This product is possible because of the properties of silk filaments. Due to layers of protein build-up, silk is noted for its softness to the touch and brilliant sheen.  The basic filament has incredible fineness but is pound for pound stronger than steel, yarn only 1 mm in diameter will support 100 pounds.   It has impressive insulating properties and is mildew resistant. .  

Size chart and packaged duvets

 I couldn’t resist with winter on its way.  It was so light that the compressed package fit easily into our luggage  So far, our duvet is surprisingly warm for its light weight,  and it will get much more use than a hand-tailored  suit!!!

Sunday, November 3, 2013

Vacaton Destination - China Part 2

Vacation China – Silk, Part 2- Production

Silk is a filament secreted by  the silkworm when spinning its cocoon, and the name for the threads, yarns and fabrics named from the filament.  Most commercial silk is produced by the cultivated silkworm, Bombyx mori. 

Its Origin, Culture and Manufacture
The Nonotuck Silk Company
Florence Massachusetts

The secret of silk production was a closely guarded Chinese secret.  The penalty of revealing this secret was punishment by death. Inevitably, the secret was too valuable and there are several versions in folklore, which describe the lengths smugglers would go to steal the secret from China to sell it to the West  One tells of monks hiding cocoons in their walking sticks!!

Bombyx mori feeds exclusively on the leaves of various mulberry trees and spins a thin, white filament.  There are several varities of wild silkworms which feed on oak, cherry and mulberry leaves, but their filament is brown and coarse and 3 times the thickness of the cultivated.

Teaching sample of trays used for feeding.  In factories the worms are raised on huge trays fitted with a wire bottom for cleaning of the larvae waste.  The wire is then covered with fresh mulberry leaves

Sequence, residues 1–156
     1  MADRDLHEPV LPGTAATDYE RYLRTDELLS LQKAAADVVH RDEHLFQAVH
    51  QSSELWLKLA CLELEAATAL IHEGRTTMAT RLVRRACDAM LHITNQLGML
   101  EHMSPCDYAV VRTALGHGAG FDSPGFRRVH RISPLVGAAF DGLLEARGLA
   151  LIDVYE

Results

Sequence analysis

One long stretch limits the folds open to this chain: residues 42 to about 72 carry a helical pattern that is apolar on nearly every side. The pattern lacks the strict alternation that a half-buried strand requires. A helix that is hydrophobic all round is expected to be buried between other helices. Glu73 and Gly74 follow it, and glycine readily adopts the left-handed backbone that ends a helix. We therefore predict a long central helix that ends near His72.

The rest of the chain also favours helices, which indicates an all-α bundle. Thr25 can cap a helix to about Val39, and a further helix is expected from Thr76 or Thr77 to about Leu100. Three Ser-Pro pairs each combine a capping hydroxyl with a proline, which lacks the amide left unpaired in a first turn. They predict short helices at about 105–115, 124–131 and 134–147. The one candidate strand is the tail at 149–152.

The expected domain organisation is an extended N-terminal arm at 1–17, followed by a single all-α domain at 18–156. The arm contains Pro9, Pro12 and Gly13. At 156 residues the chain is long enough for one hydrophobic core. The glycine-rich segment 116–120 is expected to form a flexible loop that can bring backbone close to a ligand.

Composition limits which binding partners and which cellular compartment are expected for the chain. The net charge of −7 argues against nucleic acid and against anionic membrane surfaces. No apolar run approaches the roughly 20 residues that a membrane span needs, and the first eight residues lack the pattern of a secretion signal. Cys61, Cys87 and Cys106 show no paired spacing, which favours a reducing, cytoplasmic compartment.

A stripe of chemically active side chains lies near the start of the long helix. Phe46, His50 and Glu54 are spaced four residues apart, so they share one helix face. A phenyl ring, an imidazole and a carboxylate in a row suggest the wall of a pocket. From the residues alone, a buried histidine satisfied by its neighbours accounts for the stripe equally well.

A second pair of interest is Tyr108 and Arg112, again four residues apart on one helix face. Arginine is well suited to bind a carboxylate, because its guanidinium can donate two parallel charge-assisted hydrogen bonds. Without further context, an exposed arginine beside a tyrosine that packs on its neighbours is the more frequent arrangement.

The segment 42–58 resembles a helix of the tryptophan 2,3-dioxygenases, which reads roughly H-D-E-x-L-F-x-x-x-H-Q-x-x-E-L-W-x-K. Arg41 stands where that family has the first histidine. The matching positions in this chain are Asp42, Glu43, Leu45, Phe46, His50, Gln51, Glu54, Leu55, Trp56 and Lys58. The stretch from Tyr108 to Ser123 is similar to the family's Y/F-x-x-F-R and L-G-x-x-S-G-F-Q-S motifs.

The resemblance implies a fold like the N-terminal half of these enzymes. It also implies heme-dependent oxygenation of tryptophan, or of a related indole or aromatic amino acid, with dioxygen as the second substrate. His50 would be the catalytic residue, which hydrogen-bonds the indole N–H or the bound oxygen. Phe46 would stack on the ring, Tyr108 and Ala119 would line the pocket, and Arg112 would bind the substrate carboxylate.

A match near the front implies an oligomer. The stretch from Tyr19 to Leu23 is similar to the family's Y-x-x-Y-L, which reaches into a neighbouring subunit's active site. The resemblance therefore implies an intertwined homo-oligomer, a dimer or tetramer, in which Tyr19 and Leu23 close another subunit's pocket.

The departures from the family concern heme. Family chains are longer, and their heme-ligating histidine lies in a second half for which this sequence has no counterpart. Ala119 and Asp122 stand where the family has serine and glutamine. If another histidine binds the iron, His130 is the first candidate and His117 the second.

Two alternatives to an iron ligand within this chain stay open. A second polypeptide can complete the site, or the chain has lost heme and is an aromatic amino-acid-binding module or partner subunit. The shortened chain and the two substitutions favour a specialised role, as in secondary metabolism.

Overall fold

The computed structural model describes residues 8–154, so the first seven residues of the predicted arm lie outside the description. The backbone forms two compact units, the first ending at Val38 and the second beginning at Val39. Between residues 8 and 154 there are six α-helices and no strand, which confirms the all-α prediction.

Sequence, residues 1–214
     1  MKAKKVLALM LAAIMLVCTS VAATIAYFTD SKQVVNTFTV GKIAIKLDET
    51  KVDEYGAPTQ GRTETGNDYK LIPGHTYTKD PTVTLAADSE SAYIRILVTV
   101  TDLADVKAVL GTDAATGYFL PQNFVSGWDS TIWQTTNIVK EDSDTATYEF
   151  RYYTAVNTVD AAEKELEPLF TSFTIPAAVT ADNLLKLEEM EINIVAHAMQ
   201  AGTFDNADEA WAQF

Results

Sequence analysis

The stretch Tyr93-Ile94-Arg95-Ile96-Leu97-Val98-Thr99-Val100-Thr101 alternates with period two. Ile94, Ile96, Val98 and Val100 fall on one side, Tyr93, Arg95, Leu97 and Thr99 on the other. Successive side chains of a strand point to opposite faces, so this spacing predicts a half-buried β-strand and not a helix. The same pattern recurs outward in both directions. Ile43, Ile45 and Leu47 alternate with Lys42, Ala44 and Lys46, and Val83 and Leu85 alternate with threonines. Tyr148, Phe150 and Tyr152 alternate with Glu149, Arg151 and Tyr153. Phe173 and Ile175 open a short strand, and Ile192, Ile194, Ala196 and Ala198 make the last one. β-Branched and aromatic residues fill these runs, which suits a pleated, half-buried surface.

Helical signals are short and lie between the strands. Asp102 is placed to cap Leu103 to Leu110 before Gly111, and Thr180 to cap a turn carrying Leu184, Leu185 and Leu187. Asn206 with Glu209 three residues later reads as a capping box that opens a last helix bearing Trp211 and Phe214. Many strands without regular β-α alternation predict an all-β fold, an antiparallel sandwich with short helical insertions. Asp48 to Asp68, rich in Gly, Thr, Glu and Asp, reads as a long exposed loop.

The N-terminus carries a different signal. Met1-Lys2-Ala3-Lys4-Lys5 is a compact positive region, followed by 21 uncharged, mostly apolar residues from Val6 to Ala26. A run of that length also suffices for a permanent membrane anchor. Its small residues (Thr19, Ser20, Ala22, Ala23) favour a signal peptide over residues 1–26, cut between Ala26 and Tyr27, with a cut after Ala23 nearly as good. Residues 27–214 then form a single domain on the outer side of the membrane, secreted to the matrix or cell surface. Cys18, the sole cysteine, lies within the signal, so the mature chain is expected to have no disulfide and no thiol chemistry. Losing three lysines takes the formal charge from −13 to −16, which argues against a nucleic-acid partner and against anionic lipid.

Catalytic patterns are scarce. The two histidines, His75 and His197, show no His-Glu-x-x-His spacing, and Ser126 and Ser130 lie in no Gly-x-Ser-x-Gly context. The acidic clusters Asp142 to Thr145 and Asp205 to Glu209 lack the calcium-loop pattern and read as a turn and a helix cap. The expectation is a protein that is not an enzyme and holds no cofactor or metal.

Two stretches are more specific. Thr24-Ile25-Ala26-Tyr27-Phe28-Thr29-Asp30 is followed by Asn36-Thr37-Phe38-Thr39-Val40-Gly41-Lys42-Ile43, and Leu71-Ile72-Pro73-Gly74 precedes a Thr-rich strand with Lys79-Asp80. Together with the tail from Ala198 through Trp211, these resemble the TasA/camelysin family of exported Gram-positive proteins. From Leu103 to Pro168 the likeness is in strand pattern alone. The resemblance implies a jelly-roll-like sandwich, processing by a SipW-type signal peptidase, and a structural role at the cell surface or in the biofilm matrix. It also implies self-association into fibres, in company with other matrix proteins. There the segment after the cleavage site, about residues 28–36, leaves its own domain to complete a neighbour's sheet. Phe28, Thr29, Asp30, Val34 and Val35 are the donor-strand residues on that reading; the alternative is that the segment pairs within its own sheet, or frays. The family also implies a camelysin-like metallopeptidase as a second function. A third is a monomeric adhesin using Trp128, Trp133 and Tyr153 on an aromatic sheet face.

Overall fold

Carefully selected moths lay 500-700 eggs apiece.  One ounce of silkworms requires nine tons of mulberry leaves to reach maturity, their cocoons will produce 12  pounds of silk.
Eggs take 14 days to mature into larvae.  The larvae are raised on trays kept in a temperature-controlled, clean  environment and are fed every 2-3 hours. Fully grown in approximately 5 weeks, they are 70 times their original size.  Their rear silk glands produce an animal protein called fibron which is activated and sent to silk producing glands.  The silkworms are placed on a bed and enter the pupa stage, enclosing themselves in a silk filament in an endless series of figure-eights (300,000 times) 1 ½ miles in length.

Eight to nine days the silkworm changes into a moth and must emerge from the cocoon.  To do so it produces an enzyme to soften the cocoon and produce a hole, from which it emerges.  Since the enzyme is destructive to silk fibers , the fibers break down from their mile-long filament into shorter  segments of random length, ruining the silk threads.  (These waste cocoons are used to spin noil, to make various products but are not suitable for fine silk thread production.)  To prevent this, at the factory the cocoons are gassed, boiled or steamed, killing the silkworm.  Of course, enough moths are allowed to hatch so that egg-laying can continue,

Moths emerging from cocoons
Note the damage to cocoons

Intact cocoons.  Dead pupa taken from cocoons prior to reeling.  Fear not, these are an excellent source of protein and are use in the cosmetic industry. 

After drying the cocoon are inspected and graded and sent to a filature (factory) for reeling..Today, automated reeling machines are equipped with sensors, allowing for immediate replacement of empty cocoons or broken filaments. The silk filament is made stronger for weaving by plying, called throwing,  increasing the twist or adding more strands together.  

Moi inspecting a n automated reeling and plying machine at the factory.  The cocoons are stored in the blue containers at the bottom of the reeler.  The plied silk thread is on the spools at the top

Skeins of silk are formed into bundles (29) and collected into bales (132#), the amount raw silk is traded for export.

Vintage photo of silk traders examining skeins of silk